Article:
Is the soul solid, like iron?
Or is it tender and breakable, like
the wings of a moth in the beak of the owl?
There is a corner in the waiting room of one of the great Eastern stations where women never sit. It is always in the shadow and overhung by rows of lockers. It is, however, always frequented–not so much by genuine travelers as by the dying. It is here that a certain element of the abandoned poor seeks a refuge out of the weather, clinging for a few hours longer to the city that has fathered them. In a precisely similar manner, I have seen, on a sunny day in midwinter, a few old brown wasps creep slowly over an abandoned wasp nest in a thicket. Numbed and forgetful and frost-blackened, the hum of the spring hive still resounded faintly in their sodden tissues. Then the temperature would fall and they would drop away into the white oblivion of the snow. Here in the station it is in no way different save that the city is busy in its snows. But the old ones cling to their seats as though these were symbolic and could not be given up. Now and then they sleep, their gray old heads resting with painful awkwardness on the backs of the benches.
Also they are not at rest. For an hour they may sleep in the gasping exhaustion of the ill-nourished and aged who have to walk in the night. Then a policeman comes by on his round and nudges them upright.
“You can’t sleep here,” he growls.
A strange ritual then begins, An old man is difficult to waken.
After a muttered conversation the policeman presses a coin into his hand and passes fiercely along the benches prodding and gesturing toward the door. In his wake, like the birds rising and settling behind the passage of a farmer through a cornfield, the men totter up, move a few paces, and subside once more upon the benches.
One man, after a slight, apologetic lurch, does not move at all. Tubercularly thin, he sleeps on steadily. The policeman does not look back. To him, too, this has become a ritual. He will not have to notice it again officially for another hour.
Once in a while one of the sleepers will not awake. Like the brown wasps, he will have had his wish to die in the great droning center of the hive rather than in some lovely room. It is not so bad here with the shuffle of footsteps and the knowledge that there are others who share the bad luck of the world. There are also the whistles and the sounds of everyone, everyone one in the world, starting on journeys. Amidst so many journeys somebody is bound to come out all right. Somebody.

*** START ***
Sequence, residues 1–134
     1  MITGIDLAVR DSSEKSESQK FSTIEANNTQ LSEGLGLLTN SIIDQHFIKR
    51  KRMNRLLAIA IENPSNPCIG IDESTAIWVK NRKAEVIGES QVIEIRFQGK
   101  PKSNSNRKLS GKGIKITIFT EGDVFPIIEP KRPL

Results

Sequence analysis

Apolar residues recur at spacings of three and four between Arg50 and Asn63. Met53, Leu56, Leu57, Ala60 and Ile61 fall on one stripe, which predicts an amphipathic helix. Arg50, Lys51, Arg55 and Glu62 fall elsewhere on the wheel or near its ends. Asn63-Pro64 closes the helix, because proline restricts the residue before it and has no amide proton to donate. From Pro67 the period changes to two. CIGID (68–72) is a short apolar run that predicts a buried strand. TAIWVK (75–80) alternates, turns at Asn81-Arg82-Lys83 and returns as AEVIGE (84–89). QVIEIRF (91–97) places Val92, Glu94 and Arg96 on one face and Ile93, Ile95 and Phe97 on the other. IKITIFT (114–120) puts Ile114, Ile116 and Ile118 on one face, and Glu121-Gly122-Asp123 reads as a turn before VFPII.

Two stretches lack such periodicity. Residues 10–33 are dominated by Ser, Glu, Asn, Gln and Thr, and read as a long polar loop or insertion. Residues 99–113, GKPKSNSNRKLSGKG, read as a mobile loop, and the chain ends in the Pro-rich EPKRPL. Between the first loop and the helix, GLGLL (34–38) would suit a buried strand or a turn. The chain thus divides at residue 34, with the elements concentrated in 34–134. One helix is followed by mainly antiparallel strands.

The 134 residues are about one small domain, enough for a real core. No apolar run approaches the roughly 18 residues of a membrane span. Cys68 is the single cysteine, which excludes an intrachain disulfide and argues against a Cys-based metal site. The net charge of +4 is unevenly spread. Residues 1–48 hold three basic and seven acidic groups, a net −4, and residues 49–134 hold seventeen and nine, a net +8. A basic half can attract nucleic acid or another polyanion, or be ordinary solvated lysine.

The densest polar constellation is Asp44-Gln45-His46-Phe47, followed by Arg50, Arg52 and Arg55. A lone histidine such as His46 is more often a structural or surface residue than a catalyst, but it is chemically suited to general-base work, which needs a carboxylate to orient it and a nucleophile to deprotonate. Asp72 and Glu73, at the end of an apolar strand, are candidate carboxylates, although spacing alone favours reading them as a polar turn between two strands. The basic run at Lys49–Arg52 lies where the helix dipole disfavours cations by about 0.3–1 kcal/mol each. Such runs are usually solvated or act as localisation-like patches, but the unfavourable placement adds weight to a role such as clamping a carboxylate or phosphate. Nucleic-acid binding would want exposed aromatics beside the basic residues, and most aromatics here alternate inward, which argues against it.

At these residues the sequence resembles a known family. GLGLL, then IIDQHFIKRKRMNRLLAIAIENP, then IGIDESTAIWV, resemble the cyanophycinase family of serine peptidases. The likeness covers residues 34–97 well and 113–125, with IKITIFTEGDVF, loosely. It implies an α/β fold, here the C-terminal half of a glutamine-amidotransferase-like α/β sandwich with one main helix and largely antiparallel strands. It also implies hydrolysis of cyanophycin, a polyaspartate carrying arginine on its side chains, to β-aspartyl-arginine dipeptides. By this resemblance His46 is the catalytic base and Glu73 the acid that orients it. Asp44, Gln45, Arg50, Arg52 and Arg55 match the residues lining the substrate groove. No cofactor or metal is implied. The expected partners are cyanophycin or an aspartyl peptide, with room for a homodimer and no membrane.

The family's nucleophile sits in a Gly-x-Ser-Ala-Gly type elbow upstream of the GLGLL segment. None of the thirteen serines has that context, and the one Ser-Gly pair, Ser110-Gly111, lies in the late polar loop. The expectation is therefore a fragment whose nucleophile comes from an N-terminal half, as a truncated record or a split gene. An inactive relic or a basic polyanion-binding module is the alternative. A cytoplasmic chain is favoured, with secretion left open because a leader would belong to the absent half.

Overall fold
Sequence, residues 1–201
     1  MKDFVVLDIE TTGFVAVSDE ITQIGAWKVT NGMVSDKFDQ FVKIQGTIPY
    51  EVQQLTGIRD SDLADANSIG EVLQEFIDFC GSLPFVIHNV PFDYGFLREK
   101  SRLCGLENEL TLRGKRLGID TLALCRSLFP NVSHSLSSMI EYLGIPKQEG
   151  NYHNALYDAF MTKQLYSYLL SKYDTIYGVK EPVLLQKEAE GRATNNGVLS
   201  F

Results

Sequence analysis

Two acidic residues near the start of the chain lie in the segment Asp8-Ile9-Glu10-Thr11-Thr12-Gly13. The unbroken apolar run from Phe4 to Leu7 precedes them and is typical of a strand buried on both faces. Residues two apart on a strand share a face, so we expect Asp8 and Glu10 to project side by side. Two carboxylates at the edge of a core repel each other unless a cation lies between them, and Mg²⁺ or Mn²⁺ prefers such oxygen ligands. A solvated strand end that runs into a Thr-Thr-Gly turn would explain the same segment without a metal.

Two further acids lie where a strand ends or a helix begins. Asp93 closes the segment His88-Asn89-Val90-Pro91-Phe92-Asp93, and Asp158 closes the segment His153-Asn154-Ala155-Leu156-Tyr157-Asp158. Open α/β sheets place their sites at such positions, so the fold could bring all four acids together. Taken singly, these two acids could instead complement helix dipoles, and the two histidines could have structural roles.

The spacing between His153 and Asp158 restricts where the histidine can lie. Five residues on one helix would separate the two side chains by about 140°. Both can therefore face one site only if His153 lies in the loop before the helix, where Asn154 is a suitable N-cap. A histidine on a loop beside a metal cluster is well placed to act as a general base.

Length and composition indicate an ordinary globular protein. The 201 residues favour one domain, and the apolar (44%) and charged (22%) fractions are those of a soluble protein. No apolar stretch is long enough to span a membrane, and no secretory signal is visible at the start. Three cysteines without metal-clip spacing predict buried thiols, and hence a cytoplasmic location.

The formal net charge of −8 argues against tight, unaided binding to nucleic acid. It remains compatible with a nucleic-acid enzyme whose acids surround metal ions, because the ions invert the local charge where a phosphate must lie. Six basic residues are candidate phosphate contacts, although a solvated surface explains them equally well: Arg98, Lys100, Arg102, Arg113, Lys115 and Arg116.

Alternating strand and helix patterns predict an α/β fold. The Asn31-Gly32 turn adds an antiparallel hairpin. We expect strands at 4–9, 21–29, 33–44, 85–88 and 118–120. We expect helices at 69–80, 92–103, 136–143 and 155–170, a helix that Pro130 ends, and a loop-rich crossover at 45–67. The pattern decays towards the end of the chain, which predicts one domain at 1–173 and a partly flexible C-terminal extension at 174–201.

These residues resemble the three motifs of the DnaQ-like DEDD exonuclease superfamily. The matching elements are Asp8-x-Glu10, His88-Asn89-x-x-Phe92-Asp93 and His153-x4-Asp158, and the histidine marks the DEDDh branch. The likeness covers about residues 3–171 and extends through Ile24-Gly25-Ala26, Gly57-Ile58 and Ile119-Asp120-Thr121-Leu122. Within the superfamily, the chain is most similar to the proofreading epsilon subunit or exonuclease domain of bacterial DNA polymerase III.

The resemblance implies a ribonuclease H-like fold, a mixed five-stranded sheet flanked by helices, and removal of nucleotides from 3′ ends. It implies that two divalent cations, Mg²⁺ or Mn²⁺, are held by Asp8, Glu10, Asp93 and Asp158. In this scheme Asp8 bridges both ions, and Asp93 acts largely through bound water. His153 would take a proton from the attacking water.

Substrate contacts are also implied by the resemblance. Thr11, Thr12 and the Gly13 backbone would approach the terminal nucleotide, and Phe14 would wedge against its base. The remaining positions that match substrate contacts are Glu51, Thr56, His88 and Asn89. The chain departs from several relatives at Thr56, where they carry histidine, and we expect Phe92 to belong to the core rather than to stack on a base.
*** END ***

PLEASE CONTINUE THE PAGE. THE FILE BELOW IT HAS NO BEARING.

Maybe it was on a like thought that the brown wasps fell away from the old paper nest in the thicket. You hold till the last, even if it is only to a public seat in a railroad station. You want your place in the hive more than you want a room or a place where the aged can be eased gently out of the way. It is the place that matters, the place at the heart of things. It is life that you want, that bruises your gray old head with the hard chairs; a man has a right to his place.
But sometimes the place is lost in the years behind us. Or sometimes it is a thing of air, a kind of vaporous distortion above a heap of rubble. We cling to a time and a place because without them man is lost, not only man but life. This is why the voices, real or unreal, which speak from the floating trumpets at spiritualist seances are so unnerving. They are the voices out of nowhere whose only reality lies in their ability to stir the memory of a living person with some fragment of the past. Before the medium’s cabinet both the dead and the living revolve endlessly about an episode, a place, an event that has already been engulfed by time.
This feeling runs deep in life; it brings stray cats running over endless miles, and birds homing from the ends of the earth. It is as though all living creatures, and particularly the more intelligent, can survive only by fixing or transforming a bit of time into space or by securing a bit of space with its objects immortalized and made permanent in time. For example, I once saw, on a flower pot in my own living room, the efforts of a field mouse to build a remembered field. I have lived to see this episode repeated in a thousand guises, and since I have spent a large portion of my life in the shade of a nonexistent tree I think I am entitled to speak for the field mouse.